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Jamie MacLeod

5D Mk3 video darker on computer than LCD???

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Hi,
So I've been doing some shooting at an event and exposed my shot to look a certain way on my 5D3. Then when I pull the shot onto my computer it looks a lot darker and more contrasty (as well as more saturated) than what was on my camera LCD. To the point that blue jackets that had detail in them look pure black on my computer. I've graded the video a bit to show you what my camera LCD looks like vs. the image on my computer, but this is tight turn around stuff that I am handing off to other editors so grading isn't really an option. Beyond that I would really like to trust that what is on my LCD when I shoot is actually what my shot is going to look like.

I've attached a couple of photos so you can see what I am talking about.

I am shooting using the 'Standard' picture profile, and viewing on a Macbook Pro which I've had no issues with in the past.


Computer: http://s10.postimg.org/ldouol6gp/Screen_Shot_2014_10_10_at_21_49_15_1.png

Camera LCD: http://s10.postimg.org/dni2jg455/Screen_Shot_2014_10_10_at_21_52_58.png


Thanks in advance for any help, massively appreciated!

Jamie

 

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I don't have any direct experience with that exact combination of gear, but it's almost certainly something to do with video levels. Whereas the file in which the video is stored is capable of recording brightness levels between (assuming 8 bit) 0 and 255, which is sometimes called "full swing", many video devices only use the 16-235 range, which is sometimes called "studio swing". This was initially done so that certain voltage levels from the analogue world would be easy to maintain when converting to and from digital video, but these days, it's pretty much just an annoyance.

 

The 5D Mk. 2 was always famous for recording full-range, 0-255 video in such a way as to cause lots of postproduction software to assume it was recording limited-range, 16-235 video. The result of this is that the blacks get crushed and the highlights get blown out, to a degree that's sufficiently similar to what you're showing in your stills that I assume that's what's going on. Theoretically, this should all be automatically handled, using markers in the file, but it is rather poorly standardised and your problem is common.

 

If you want to prove it, sometimes you can establish more firmly that this is the problem by pulling it into something like Resolve or just After Effects and pushing the black level up, at which case it is sometimes possible to recover the lost detail, depending how the software is behaving in that particular circumstance. Sometimes the lost information gets cropped off and lost, sometimes not.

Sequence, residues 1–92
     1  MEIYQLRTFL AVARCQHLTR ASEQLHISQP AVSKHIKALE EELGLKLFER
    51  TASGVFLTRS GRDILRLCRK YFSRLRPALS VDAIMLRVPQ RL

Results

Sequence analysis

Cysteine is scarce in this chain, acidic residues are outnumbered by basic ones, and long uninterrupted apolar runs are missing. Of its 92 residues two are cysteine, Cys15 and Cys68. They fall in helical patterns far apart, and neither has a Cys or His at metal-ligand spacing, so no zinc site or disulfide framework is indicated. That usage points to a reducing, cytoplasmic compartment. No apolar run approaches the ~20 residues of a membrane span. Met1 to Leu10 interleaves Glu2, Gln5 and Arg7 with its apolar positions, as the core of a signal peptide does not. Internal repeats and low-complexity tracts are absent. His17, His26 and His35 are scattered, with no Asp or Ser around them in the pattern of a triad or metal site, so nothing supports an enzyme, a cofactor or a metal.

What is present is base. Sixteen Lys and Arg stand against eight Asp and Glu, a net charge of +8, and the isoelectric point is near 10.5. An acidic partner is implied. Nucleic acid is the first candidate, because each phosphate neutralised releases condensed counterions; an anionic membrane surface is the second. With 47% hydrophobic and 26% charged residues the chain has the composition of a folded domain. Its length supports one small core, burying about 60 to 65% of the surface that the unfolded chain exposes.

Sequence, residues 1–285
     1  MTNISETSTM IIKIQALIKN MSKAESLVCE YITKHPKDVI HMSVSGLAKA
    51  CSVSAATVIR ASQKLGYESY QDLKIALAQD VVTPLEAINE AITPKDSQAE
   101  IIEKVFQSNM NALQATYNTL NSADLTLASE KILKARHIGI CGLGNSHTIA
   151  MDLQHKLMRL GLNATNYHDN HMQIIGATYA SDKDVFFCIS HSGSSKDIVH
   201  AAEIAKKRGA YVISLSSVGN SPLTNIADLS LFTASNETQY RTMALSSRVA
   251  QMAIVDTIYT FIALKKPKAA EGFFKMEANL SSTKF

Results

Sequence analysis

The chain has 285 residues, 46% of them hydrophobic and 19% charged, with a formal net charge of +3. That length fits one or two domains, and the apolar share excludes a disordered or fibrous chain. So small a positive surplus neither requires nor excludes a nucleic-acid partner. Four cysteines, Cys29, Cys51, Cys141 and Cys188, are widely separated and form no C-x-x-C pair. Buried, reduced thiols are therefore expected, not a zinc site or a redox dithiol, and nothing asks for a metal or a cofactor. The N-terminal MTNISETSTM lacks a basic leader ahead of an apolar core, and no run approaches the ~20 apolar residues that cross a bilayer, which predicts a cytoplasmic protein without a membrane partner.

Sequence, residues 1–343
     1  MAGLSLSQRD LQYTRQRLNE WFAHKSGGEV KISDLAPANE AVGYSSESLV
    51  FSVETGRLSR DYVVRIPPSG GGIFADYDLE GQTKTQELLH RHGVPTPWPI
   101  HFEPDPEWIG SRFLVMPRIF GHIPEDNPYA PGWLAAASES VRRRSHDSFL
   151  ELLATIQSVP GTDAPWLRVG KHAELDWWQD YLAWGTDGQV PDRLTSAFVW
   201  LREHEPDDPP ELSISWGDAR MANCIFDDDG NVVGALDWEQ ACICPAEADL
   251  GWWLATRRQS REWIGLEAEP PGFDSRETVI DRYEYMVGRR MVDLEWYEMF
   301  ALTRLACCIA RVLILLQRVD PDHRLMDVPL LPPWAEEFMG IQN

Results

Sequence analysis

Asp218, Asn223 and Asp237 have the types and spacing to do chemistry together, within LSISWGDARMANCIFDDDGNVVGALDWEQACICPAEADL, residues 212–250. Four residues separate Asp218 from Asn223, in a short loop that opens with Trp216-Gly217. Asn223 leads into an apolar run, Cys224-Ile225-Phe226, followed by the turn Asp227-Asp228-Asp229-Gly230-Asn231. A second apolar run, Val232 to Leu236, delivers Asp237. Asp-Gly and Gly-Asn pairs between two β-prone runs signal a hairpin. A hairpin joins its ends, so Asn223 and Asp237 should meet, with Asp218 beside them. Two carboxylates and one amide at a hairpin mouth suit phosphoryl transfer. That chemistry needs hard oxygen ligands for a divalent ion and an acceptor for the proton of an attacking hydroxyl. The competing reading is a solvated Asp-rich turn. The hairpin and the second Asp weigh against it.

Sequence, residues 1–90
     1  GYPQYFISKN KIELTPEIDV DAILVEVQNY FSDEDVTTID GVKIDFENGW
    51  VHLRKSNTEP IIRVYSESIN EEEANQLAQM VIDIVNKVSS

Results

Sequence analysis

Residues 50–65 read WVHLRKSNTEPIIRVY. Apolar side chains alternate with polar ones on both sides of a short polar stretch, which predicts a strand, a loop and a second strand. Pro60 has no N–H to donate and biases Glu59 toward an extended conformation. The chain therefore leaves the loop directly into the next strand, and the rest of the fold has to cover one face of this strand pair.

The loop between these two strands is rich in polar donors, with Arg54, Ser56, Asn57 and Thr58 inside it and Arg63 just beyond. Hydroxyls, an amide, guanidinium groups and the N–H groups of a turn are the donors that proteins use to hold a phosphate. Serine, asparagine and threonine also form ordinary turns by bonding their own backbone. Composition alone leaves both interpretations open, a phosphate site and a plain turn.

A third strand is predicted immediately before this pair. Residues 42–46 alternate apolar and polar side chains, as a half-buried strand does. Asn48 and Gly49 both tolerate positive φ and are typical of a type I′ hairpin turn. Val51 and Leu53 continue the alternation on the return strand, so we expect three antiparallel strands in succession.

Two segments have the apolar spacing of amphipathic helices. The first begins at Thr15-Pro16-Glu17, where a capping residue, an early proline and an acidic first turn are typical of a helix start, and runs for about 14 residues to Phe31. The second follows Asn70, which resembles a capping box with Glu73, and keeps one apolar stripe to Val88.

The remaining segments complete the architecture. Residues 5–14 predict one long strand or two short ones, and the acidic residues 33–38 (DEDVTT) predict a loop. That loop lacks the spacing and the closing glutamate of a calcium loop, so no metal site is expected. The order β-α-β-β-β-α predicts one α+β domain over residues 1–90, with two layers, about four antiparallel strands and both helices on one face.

One decent solution is a piece of software called 5DtoRGB by Rarevision, which will do ProRes transcoding from 5D3 files (and those from other cameras) in such a way as to handle the video levels correctly. It was developed specifically to handle this sort of material and knows how to do so correctly. Disclosure: I know the developer, but I'm not financially involved. There are probably other things that can fix it. I'm not sure what.

 

If you just need to supply the material to someone else you can do so in confidence that there's nothing actually wrong with it. All 5D Mk. 2s and I assume 3s, and a lot of other cameras, do the same thing - and if the question comes up you can answer it for them.

 

Phil

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Phil's right. The problem is most likely the software you're using to view the clips on your computer. I see this problem all the time when footage from Canon DSLRs is viewed in VLC. Since VLC assumes the video's usable range is 16-235, it ignores both full range shadow and highlight detail. The result is crushed blacks and clipped highlights.

 

QuickTime Player on the Mac is able to display Canon footage properly. Also, NLEs like Premiere display it properly as well.

 

If you want to ensure this will never, ever be a problem for anyone else working with this footage, the thing to do is transcode the footage using 5DtoRGB. It will remap the 8 bit full range video to 10 bit broadcast range and compress to ProRes. This will save all of the shadow and highlight detail. Anything that reads ProRes-compressed MOVs will then display it correctly.

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Before going nuts hunting down a camera/lcd/computer/software problem, it might be easier than that. The Canon 5DMIII has an LCD brightness setting in the menu system. By default, it tends to be brighter than what is actually captured in the scene because it is tuned for daylight shooting. I shoot night sports and I tend to turn my LCD down 1 to 2 clicks from middle because the middle setting tends to be brighter than the what the camera is recording. If you are going to use the LCD to judge exposure, you really need to take a little time to tune it so that what the LCD displays is what the camera is recording. Same general rule with using an external LCD. Use it for for focus and composition, but shy away from using it to dial in exposure and color.

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